History of  
WELCOME TO MONTENET - the window with a view of MONTENEGRO
index of montenet 
Index of Montenegrin History
Quotes About Montenegrin History
Origins of Montenegrins
Vojislavljevics- the First Montenegrin Dynasty
Nemanjic's Rule
Balsics' Rule
Crnojevics' Rule
Old Montenegro
Prince Bishops' Rule
Prince Bishop (Vladika) Danilo - The Founder of Petrovic Dynasty
Scepan the Small
Petar I Petrovic Njegos
Petar II Petrovic Njegos
Prince Danilo Petrovic
King Nicholas I 
Unification of Montenegro and Serbia (Podgorica's  Assembly)
Montenegro in Yugoslavia
The origins of Montenegrin predecessors 

Before the arrival of the Slav peoples in the Balkans during the VI century AD, the area now known as Montenegro was inhabited principally by people known as Illyrians. After several punitive expeditions against local pirates, this kingdom was finally conquered by the Romans in AD 9 and annexed to the province of Illyricum.  

The division of the Roman Empire between Roman and Byzantine rules-and subsequently between the Latin and Greek churches-was marked by a line that ran northward from (Shkoder) Skadar through modern Montenegro, symbolizing the status of this region as a perpetual marginal zone between the economic, cultural, and political worlds of the Mediterranean peoples and the Slavs. During the decline of Roman power, this part of the Adriatic coast suffered from intermittent ravages by various semi nomadic invaders, especially the Goths in the late V century and the Avars during the VI century. These were soon supplanted by the Slavs, who became widely established in this part of the Balkan by the middle of the VII century. Because of the extreme raggedness of the terrain and the lack of any major sources of wealth such as mineral riches, the area that is now Montenegro became a haven for residual groups of earlier settlers, including some tribes who had escaped Romanization. 

The Slavic colonization of the Balkan peninsula, thus, occurred during VI century and probably finished by the middle of VII century. It is believed that predecessors of Montenegrins came from the region (Polablje) between the Baltic Sea and the present-day city of Hanover, Germany (D.Zivkovic, Istorija Crnogorskog Naroda, 1989; R.Rotkovic, Odakle su dosli Crnogorci, 1992; V. Nikcevic, Crnogorski Jezik, 1993). However, Montenegrin predecessors, (known as the Velet and Odobritei tribes) did not come from Germany, since the Germans occupied these territories after Montenegrin predecessors had moved to Adriatic (R.Rotkovic, ibid). Dr Rotkovic collected around 800 toponyms in Montenegro, relating to settlements, rivers, lakes and mountains in Polablje.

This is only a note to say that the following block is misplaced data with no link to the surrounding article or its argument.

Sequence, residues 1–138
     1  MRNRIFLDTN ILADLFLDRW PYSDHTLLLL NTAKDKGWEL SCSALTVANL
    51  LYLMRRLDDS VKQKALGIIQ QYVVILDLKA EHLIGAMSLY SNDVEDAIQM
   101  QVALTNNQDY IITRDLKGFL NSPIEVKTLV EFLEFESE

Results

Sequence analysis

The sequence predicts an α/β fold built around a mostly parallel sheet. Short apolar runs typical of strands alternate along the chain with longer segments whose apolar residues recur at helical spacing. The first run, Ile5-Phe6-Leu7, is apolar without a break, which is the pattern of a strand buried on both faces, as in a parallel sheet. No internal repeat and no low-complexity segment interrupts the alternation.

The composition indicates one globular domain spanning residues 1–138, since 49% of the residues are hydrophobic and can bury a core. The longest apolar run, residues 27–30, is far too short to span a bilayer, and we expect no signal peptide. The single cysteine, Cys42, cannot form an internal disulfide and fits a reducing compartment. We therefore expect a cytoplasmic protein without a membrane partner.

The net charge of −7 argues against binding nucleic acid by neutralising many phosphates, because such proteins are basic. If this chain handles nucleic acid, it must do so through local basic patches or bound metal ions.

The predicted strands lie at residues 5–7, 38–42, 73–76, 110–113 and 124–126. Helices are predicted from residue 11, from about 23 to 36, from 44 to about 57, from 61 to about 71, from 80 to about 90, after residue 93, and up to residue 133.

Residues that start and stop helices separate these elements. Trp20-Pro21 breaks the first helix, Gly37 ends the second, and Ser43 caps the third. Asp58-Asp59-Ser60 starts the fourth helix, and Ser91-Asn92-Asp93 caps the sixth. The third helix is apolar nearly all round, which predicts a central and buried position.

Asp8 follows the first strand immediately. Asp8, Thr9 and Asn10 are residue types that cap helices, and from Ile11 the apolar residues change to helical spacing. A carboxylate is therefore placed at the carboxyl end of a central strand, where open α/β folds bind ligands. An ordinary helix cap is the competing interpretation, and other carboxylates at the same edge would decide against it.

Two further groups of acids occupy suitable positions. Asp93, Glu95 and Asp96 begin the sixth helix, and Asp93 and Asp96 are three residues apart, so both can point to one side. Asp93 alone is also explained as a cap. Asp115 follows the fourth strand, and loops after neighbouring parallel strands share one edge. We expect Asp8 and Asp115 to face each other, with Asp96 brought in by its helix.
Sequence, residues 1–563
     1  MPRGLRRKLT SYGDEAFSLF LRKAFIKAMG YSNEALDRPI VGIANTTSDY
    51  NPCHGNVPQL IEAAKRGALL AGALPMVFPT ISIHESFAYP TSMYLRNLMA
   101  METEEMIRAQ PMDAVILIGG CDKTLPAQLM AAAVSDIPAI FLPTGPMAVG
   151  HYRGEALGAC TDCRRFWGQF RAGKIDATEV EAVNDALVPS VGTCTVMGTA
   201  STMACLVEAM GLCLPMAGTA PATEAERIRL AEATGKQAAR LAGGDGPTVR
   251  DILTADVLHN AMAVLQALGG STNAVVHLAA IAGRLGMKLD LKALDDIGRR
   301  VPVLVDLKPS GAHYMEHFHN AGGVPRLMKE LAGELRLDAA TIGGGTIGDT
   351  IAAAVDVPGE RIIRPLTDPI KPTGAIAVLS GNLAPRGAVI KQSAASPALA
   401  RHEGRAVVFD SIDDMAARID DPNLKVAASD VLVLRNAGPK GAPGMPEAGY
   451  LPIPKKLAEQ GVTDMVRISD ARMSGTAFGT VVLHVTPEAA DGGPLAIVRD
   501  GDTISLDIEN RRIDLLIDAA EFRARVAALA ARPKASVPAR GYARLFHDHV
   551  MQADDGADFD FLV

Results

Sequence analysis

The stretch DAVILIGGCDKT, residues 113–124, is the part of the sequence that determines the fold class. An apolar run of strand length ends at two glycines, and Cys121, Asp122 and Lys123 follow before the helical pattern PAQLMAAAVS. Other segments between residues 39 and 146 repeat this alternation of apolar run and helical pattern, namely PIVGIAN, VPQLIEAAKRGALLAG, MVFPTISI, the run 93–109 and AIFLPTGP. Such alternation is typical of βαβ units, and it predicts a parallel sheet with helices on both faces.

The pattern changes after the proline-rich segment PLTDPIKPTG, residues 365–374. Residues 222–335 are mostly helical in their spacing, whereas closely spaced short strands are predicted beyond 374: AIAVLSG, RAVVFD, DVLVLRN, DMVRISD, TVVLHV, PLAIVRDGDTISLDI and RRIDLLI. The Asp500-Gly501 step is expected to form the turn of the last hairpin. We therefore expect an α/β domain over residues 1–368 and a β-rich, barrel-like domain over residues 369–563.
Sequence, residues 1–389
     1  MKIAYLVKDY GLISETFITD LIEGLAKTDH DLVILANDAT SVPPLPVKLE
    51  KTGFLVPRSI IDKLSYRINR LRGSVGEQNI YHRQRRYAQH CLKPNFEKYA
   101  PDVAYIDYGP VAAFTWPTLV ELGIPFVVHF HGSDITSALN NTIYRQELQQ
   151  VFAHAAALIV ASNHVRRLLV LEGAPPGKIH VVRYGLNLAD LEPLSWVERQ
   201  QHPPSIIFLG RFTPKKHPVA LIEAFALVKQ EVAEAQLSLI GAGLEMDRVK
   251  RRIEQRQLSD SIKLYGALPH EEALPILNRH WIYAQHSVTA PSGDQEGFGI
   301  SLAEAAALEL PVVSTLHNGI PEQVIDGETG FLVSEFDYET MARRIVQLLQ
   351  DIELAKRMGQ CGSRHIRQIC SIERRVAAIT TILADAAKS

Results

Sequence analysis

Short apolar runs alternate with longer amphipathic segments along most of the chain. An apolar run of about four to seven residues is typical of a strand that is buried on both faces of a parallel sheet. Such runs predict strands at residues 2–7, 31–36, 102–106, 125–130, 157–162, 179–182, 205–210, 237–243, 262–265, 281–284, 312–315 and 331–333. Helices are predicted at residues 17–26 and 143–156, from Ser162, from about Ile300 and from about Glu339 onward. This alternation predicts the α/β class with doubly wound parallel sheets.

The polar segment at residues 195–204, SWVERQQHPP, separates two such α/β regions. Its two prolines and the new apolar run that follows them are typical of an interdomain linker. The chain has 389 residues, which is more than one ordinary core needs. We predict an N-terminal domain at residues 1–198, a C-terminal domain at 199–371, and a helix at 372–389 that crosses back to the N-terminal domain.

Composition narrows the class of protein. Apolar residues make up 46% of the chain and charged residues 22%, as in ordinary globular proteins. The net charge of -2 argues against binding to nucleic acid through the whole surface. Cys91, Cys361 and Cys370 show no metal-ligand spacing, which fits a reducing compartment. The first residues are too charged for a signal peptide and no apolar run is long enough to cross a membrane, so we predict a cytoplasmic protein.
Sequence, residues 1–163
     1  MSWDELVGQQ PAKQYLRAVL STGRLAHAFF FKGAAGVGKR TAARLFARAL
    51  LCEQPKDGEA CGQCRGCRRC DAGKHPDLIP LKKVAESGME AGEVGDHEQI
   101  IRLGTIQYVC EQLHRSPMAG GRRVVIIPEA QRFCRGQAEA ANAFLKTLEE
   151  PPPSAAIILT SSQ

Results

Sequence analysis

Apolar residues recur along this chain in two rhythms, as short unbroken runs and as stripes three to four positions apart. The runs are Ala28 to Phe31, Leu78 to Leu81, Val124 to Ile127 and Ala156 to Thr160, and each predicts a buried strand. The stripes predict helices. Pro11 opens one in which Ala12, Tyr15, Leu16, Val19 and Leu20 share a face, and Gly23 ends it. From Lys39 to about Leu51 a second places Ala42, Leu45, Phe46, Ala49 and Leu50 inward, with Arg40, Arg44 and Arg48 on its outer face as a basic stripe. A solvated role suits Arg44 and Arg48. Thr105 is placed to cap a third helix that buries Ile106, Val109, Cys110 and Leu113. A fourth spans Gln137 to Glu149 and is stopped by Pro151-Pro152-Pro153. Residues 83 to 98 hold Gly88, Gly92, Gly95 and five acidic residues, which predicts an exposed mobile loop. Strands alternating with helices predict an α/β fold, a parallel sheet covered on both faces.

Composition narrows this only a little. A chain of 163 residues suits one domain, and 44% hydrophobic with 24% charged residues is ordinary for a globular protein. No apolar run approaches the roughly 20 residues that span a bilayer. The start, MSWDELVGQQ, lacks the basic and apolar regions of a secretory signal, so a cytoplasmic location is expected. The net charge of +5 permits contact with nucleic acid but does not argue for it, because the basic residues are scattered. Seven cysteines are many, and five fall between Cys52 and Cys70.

Remains of Doclea near PodgoricaAccording to Byzantine tzar Porfirogenit in a paragraph "O Dukljanima i zemlji u kojoj sada obitavaju" he writes that Doclea (Duklja) belonged first to Romans and than to Romeji (Byzantium)  

Thus, coming from the north, Slav tribes settled in the Roman province of Prevalis, where they found the urban Roman and native Illyrian tribes. The Slav people were organized along tribal lines, each headed by a chieftain (zupan). The new arrived Slavs, despite animosity and hostility of native inhabitants, learned to live together, forging Slavo-Romanic modus vivendi and accepting Christianity from the local people. Later, within Byzantine Kingdom, they united their tribes under the name of Scklavinia Doclea (Sklavinija Duklja, or Dukljani) (V.Nikcevic, O postanku etnonima Dukljani, Zecani, Crnogorci, 1987). 

[Index] [Profile] [People] [Geography] [History] [Culture] [Art] [Language] [Religion] [Miscellaneous
[Site-map] [News] [Politics] [Law] [Economy] [Travel] [Sports] [Letters] [Links] [ExYu] [EE&Russia] 
 Comments and suggestions are welcome and selected will be published 
Montenet 1997 
 All rights reserved.
Last updated  August 1997